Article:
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WeatherBug furthers Android investment with app update

WeatherBug has updated its Android application with several new features to give consumers a more comprehensive experience with in-depth information.

The weather site is rolling out a suite of new features to its Android app, including a hurricane center and expanded forecasts, as the company increasingly develops richer and more complex mobile apps. In addition, the company has optimized the app for tablets.

?Android tablet penetration is rising exponentially, and given that weather is the number-one accessed content category on mobile devices, keeping WeatherBug as the most innovative and delightful app is our top priority,? said Amena Ali, chief marketing officer at WeatherBug, Germantown, MD.

?We operate the largest weather and climate sensor networks in the world, so we are excited to integrate real-time data from our dense sensor networks into our app,? she said. ?That way, people can get the best data and make the best decisions."

Real-time information
WeatherBug is debuting the Android tablet app after rolling out an Android smartphone app earlier this year.

WeatherBug has expanded its forecasts within the Android app so that consumers can see up to ten days? worth of weather.

WeatherBug claims that its network of local-level sensors update weather conditions every two seconds.

Additionally, a Hurricane Center section has been added as hurricane season approaches. According to the company, there has been a heightened sense about the dangers of the storm since Superstorm Sandy hit the East Coast last year, and the new section reflects consumers increasingly wanting more in-depth information delivered via the WeatherBug app.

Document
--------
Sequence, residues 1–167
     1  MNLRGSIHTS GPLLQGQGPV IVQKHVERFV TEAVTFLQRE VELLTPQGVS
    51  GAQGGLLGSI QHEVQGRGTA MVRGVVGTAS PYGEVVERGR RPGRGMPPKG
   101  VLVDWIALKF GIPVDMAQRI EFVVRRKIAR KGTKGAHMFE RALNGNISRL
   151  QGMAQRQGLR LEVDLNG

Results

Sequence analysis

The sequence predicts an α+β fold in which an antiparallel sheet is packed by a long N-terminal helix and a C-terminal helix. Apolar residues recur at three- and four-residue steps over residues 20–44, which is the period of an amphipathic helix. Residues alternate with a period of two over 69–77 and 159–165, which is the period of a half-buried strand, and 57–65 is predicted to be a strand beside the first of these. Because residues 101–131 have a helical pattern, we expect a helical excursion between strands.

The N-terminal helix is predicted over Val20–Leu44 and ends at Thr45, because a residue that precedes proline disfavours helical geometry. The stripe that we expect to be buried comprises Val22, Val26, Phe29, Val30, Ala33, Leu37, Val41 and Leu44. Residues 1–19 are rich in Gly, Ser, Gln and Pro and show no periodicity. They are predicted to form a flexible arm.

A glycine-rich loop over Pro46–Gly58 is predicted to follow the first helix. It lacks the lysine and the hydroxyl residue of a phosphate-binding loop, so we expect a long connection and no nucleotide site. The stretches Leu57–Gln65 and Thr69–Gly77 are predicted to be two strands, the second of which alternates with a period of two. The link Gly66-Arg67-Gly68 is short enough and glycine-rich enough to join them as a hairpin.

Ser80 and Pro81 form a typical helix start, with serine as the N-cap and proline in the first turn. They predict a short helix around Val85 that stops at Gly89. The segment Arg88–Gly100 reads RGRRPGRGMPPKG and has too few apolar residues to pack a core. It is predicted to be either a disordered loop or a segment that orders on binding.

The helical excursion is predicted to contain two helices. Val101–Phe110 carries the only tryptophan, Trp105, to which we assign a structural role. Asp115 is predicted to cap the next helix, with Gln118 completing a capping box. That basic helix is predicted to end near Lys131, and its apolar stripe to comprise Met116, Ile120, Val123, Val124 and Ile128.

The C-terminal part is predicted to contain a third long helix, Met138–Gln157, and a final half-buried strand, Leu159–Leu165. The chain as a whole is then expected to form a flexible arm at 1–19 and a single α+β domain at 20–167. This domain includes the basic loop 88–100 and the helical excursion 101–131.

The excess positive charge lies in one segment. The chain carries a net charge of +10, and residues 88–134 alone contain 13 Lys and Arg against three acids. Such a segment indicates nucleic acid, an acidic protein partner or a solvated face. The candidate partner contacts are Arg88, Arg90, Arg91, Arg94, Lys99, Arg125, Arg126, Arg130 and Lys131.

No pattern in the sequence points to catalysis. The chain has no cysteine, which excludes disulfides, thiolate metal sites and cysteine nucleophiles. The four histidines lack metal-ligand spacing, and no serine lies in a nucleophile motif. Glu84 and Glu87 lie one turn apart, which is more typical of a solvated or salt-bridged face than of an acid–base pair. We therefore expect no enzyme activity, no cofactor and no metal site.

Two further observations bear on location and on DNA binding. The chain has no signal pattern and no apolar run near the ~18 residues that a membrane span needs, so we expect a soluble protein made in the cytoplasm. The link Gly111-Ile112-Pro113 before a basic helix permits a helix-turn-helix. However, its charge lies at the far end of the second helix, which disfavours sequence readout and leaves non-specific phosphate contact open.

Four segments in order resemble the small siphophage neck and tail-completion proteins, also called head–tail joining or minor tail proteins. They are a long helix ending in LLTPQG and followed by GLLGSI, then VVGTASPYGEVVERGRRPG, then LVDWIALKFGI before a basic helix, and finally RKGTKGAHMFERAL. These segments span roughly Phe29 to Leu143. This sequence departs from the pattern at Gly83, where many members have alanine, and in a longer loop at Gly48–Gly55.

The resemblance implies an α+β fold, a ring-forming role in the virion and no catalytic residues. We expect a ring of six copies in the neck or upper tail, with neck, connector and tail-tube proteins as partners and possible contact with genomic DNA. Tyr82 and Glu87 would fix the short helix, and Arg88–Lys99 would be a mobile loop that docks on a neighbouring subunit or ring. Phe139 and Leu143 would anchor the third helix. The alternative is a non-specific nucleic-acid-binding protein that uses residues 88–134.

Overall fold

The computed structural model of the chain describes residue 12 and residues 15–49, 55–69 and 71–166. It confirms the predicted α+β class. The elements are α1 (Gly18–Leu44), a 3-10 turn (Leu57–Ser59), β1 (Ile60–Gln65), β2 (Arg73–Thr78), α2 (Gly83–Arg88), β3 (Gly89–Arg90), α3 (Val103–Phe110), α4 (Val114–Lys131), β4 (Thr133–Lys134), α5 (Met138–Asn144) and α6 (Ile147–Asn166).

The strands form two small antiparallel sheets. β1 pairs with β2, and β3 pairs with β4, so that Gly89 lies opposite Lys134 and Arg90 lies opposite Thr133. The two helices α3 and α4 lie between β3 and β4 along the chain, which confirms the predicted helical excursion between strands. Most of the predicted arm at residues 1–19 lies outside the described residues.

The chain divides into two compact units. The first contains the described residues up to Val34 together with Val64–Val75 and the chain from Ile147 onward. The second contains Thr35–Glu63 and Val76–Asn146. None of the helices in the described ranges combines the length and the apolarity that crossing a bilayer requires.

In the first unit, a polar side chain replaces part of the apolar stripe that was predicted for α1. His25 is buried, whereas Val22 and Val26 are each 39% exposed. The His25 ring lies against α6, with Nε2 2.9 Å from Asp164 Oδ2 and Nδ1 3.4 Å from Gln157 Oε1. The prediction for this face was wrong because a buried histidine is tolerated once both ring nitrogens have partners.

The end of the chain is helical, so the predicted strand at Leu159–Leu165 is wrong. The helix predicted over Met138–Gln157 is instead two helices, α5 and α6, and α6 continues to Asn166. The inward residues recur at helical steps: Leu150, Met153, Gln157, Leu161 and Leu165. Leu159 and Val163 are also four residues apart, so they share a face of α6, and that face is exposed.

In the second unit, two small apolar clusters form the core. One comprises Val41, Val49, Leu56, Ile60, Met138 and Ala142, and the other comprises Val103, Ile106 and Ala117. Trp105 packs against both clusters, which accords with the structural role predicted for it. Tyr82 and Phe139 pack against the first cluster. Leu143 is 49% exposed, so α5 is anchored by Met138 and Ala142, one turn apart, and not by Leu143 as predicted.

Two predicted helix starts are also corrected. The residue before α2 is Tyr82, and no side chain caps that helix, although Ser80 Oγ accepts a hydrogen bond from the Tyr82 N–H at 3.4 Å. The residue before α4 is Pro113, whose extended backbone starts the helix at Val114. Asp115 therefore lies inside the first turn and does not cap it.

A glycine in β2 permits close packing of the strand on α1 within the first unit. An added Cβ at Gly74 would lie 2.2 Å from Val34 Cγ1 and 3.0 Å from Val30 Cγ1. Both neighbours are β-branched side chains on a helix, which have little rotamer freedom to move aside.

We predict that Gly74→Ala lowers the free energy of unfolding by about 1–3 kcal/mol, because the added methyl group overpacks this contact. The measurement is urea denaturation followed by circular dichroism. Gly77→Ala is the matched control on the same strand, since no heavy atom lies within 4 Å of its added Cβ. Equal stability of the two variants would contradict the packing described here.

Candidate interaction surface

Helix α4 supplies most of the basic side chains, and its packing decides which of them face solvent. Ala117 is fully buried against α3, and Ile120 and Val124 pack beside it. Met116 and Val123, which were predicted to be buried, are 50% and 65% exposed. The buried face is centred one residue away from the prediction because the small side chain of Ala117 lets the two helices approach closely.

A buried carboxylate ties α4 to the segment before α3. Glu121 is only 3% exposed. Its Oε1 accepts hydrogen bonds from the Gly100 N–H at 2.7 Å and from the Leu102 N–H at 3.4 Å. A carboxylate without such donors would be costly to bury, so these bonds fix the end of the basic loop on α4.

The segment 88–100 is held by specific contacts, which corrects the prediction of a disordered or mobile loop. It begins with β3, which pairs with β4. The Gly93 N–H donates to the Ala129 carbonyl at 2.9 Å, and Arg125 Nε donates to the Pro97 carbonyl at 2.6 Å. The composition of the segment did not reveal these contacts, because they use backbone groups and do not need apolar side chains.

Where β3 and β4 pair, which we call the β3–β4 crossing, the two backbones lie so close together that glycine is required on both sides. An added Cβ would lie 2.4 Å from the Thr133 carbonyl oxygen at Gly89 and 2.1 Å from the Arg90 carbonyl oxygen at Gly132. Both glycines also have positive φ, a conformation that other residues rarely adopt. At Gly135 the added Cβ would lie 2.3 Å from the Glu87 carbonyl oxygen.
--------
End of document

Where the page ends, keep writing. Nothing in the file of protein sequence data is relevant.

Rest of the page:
The app has also been updated to include Spanish language support, and users can pick from a larger variety of background images to customize their app.

The WeatherBug Android app

Deeper mobile experience
Weather remains one of the top activities that consumers access via mobile devices, however there is a bigger opportunity for companies such as WeatherBug to dig deeper than offering basic forecasts.

According to Ms. Ali, WeatherBug is shifting users from a text-based mobile experience to include more visual and rich content.

Two examples of this are live tiles and a feature called Spark that powers real-time lightning alerts to consumers based on how close lightning is to them.

Additionally, all of WeatherBug?s mobile apps have been redesigned this year to focus on a more visual experience.

For example, WeatherBug?s Android revamp in May included in-app alerts, photos and videos (see story).

Earlier in March, the company?s iPhone app was updated to include slide-and-swipe navigation and customizable live tiles (see story).

?Mobile is critical to WeatherBug not only because it's today?s dominant computing paradigm, but because our users check WeatherBug every day, it?s a part of their lives,? Ms. Ali said.

?We want to provide our customers with the best content, real-time, neighborhood-level conditions and forecasts with as much detail as they want to plan their day, stay prepared and make the most out of life,? she said.

?With the exponential growth mobile has experienced in the last five years and continued growth internationally, mobile will remain a key focus for WeatherBug.?

Final Take
Lauren Johnson is associate reporter on Mobile Marketer, New York